Services on Demand
Jornal de Pediatria
Print version ISSN 0021-7557On-line version ISSN 1678-4782
CARVALHO, Paulo R.A. and TROTTA, Eliana de A.. Advances in sepsis diagnosis and treatment. J. Pediatr. (Rio J.) [online]. 2003, vol.79, suppl.2, pp.S195-S204. ISSN 0021-7557. http://dx.doi.org/10.1590/S0021-75572003000800009.
OBJECTIVE: To present a critical and updated review about sepsis, focusing especially on diagnosis and treatment. SOURCE OF DATA: Literature review of Medline, including review articles, clinical trials and original research. SUMMARY OF THE FINDINGS: The International Sepsis Definitions Conference amplified the list of possible clinical and laboratory signs of sepsis, which may allow for more efficacious suspicion and management. In terms of laboratory evaluation, in addition to the research for infectious agents, many inflammatory response markers, such as inflammatory cytokines and procalcitonin, have been identified. However, they lack sensitivity and specificity for safe diagnosis. In terms of treatment, early intervention to prevent hemodynamic disturbances is still essential for a positive outcome, together with the appropriate use of antimicrobials. The value of treatments to remove toxins and to increase the innate immune response has not yet been established. The use of isolated inflammatory response blockers, at any stage of sepsis, does not decrease mortality. The use of corticosteroid makes a comeback with encouraging results, even in patients without sepsis-related adrenal insufficiency. A large study on activated protein C (drotrecogin-a) reports a 6% decrease in mortality in a selected sample, suggesting the possibility of a better prognosis for sepsis patients. CONCLUSIONS: In comparison to the advances of the past few years, little has been achieved in terms of decreasing sepsis-related mortality due to the complexity of the pathogen-host relationships. The individual regulation of host reactions did not have the expected effects. The benefits of some known strategies were confirmed. Other types of treatment, such as corticosteroids and activated protein C therapies, are emerging as promising alternatives. Research indicates that the combination of immune modulator therapies is probably the best choice to improve outcomes in sepsis.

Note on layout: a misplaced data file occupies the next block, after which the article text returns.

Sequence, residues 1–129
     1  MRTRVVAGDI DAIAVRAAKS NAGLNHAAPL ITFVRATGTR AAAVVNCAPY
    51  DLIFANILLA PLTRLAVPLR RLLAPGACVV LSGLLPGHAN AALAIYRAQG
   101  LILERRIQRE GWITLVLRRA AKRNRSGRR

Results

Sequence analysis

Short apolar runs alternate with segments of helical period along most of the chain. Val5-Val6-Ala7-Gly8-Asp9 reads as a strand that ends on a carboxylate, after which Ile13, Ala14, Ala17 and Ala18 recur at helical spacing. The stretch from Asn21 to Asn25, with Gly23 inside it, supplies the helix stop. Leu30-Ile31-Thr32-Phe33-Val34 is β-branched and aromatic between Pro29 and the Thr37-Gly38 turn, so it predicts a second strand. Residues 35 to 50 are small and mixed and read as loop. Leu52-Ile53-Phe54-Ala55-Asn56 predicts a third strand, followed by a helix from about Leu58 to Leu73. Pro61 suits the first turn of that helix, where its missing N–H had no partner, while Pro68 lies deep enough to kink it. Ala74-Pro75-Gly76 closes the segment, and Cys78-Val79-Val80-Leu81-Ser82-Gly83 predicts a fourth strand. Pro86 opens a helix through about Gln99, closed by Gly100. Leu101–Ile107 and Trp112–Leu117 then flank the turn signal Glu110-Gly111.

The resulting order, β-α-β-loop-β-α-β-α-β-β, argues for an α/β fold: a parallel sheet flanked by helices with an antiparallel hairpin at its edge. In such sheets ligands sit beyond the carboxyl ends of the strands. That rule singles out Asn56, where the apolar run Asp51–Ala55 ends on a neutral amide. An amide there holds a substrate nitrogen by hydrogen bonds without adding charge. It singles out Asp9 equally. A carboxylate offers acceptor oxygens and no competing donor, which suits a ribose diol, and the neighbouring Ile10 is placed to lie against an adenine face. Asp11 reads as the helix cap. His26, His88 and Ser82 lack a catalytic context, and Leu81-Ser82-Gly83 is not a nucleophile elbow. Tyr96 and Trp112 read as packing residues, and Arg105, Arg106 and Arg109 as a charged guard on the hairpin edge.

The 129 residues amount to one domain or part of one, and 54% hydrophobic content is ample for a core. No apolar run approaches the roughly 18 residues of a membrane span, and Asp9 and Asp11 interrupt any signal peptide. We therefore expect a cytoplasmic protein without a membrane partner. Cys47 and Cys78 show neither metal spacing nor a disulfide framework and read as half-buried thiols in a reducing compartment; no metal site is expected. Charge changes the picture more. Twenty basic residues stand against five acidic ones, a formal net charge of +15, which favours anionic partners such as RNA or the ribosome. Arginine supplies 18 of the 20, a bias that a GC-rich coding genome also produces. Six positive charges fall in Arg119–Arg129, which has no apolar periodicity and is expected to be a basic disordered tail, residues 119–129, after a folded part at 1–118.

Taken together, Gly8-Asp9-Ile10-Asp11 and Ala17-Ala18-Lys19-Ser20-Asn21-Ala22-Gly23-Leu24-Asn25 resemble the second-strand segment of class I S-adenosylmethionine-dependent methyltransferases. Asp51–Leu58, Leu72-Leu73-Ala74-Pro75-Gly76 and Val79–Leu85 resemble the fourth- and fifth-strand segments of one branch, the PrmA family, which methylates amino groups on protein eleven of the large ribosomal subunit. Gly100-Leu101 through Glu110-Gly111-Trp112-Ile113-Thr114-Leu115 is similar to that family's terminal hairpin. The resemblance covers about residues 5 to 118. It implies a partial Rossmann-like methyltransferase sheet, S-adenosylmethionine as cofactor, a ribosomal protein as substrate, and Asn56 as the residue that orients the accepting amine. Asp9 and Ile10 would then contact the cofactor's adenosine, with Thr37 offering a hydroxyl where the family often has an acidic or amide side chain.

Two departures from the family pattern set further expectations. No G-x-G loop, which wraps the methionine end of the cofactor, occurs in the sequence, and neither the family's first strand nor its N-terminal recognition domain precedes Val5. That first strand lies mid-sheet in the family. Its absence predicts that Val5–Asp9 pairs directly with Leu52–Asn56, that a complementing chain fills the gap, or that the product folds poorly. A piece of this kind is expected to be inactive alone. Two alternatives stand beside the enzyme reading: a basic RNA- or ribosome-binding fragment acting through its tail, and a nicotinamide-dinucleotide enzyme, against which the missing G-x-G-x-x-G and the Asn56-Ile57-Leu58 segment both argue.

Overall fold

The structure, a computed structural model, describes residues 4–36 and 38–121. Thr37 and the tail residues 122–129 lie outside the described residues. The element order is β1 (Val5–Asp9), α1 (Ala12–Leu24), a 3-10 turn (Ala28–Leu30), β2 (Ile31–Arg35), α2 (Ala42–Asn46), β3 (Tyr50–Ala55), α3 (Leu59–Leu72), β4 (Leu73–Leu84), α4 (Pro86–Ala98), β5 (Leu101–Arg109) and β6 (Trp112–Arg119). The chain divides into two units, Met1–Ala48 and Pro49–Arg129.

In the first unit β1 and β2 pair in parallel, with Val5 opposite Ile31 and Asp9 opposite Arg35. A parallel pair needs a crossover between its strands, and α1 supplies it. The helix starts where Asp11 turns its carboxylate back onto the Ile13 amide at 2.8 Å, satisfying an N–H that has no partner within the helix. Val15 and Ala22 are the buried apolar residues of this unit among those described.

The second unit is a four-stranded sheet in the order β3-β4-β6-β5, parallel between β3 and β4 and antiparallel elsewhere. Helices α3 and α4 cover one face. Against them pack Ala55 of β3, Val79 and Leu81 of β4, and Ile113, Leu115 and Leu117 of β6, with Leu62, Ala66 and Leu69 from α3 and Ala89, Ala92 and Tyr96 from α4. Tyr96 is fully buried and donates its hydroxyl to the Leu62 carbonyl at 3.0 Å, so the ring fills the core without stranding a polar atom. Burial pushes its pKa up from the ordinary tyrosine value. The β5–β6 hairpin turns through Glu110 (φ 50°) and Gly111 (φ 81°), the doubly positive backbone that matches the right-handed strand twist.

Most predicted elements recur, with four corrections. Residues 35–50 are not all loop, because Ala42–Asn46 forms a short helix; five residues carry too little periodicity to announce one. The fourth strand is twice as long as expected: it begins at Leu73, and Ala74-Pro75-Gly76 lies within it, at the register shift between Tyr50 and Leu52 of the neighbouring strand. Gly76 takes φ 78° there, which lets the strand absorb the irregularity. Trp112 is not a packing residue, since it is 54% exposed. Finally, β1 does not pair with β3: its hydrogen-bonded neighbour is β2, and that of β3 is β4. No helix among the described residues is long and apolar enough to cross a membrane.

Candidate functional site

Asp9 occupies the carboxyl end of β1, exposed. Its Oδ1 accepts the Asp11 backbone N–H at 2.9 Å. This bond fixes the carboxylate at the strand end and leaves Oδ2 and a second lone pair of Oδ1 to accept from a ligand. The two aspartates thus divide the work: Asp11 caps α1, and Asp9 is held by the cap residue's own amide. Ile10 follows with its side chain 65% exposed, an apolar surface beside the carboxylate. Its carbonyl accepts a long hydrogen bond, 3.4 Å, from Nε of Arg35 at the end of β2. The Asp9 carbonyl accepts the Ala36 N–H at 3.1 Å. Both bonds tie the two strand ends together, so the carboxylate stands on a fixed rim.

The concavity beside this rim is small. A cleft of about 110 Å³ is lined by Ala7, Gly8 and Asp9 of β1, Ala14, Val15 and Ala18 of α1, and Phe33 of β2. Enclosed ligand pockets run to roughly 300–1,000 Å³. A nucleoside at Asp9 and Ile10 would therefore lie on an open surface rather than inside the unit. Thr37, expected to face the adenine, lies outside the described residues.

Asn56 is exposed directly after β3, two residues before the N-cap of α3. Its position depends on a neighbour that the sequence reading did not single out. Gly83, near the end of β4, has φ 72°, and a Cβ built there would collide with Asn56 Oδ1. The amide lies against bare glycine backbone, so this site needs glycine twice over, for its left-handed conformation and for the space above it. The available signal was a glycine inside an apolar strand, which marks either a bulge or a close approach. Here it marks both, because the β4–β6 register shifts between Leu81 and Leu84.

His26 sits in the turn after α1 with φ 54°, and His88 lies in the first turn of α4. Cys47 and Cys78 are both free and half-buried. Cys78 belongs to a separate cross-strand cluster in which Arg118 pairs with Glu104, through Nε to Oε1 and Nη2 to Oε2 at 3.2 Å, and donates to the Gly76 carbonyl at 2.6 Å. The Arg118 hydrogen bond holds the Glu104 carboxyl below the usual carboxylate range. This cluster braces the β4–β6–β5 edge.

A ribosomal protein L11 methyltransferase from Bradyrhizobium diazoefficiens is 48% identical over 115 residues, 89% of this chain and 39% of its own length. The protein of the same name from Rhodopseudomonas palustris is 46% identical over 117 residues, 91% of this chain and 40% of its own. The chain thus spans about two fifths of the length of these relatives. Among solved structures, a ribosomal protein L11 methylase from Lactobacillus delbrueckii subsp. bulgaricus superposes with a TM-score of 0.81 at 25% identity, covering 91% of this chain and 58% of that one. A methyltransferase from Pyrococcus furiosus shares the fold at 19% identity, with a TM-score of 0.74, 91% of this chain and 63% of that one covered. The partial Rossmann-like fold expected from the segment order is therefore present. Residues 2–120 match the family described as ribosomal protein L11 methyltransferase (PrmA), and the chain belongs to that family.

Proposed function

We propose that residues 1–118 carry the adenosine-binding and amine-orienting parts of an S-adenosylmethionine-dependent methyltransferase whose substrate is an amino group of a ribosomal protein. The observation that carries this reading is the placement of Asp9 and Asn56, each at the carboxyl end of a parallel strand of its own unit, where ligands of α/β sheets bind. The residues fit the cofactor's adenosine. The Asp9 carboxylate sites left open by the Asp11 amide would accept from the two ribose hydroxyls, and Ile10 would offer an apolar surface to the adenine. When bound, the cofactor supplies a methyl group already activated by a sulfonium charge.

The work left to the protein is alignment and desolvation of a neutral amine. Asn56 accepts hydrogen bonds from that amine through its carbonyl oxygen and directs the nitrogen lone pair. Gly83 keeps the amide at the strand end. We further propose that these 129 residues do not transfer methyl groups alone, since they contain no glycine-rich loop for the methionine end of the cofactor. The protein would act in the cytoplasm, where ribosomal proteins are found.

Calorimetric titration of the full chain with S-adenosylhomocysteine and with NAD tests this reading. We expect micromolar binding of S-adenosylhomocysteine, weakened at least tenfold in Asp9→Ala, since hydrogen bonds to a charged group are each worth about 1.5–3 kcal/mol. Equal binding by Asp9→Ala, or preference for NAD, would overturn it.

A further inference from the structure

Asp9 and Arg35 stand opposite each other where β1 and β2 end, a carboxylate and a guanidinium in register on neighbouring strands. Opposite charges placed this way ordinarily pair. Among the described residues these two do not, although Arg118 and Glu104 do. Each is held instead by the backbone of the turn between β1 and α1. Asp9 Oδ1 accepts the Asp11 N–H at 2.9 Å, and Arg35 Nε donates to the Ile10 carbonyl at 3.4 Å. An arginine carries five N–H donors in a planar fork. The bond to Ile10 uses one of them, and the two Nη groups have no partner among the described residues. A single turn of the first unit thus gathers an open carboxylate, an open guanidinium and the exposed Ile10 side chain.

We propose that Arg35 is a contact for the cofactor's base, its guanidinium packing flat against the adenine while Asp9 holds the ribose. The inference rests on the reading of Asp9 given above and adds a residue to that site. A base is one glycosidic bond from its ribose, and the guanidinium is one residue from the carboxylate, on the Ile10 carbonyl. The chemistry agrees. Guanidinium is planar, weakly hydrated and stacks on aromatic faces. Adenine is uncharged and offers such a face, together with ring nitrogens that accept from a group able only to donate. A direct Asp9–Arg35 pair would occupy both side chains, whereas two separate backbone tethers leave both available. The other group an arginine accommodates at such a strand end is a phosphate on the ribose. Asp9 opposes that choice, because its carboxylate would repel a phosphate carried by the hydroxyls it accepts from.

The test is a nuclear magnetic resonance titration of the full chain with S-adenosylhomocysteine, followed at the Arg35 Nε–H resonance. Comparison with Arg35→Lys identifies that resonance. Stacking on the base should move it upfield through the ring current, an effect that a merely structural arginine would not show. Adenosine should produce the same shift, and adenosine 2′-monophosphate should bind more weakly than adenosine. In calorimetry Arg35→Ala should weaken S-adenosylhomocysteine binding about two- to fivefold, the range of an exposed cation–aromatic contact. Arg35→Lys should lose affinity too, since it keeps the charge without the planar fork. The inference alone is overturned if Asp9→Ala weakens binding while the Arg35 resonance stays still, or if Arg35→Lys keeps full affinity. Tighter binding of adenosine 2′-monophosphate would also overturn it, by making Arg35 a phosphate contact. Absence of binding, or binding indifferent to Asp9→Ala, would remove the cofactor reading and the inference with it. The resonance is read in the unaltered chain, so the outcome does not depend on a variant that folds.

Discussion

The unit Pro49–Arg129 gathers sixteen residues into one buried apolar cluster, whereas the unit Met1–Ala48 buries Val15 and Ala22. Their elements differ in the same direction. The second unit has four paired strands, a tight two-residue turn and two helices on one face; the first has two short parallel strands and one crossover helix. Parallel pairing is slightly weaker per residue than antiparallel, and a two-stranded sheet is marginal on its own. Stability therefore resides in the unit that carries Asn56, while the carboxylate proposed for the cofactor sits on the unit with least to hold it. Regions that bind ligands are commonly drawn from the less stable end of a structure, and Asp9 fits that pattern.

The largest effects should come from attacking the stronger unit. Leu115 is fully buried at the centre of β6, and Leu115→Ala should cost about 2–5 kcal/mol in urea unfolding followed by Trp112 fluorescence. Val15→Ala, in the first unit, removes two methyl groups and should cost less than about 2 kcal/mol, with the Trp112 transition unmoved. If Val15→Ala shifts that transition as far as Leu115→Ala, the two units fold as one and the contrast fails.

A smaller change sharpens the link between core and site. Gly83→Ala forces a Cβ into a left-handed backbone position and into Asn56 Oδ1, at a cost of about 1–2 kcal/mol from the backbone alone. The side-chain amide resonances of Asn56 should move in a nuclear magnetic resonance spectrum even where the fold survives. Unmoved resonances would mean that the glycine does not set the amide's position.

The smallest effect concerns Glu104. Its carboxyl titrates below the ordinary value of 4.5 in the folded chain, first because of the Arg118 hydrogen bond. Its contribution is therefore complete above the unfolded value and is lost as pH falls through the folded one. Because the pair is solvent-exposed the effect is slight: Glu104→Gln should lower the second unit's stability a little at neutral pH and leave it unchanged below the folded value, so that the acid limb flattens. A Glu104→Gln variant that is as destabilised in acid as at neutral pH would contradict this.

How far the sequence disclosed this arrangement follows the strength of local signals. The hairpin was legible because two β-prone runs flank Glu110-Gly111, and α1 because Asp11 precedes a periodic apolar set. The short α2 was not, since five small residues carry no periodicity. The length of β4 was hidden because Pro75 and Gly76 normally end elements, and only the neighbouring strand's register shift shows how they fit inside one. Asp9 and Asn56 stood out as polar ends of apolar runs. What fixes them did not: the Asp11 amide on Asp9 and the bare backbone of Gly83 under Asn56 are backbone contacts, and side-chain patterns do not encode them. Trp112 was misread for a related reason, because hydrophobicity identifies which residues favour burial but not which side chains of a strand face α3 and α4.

Keywords : Sepsis; systemic inflammatory response syndrome; critical care.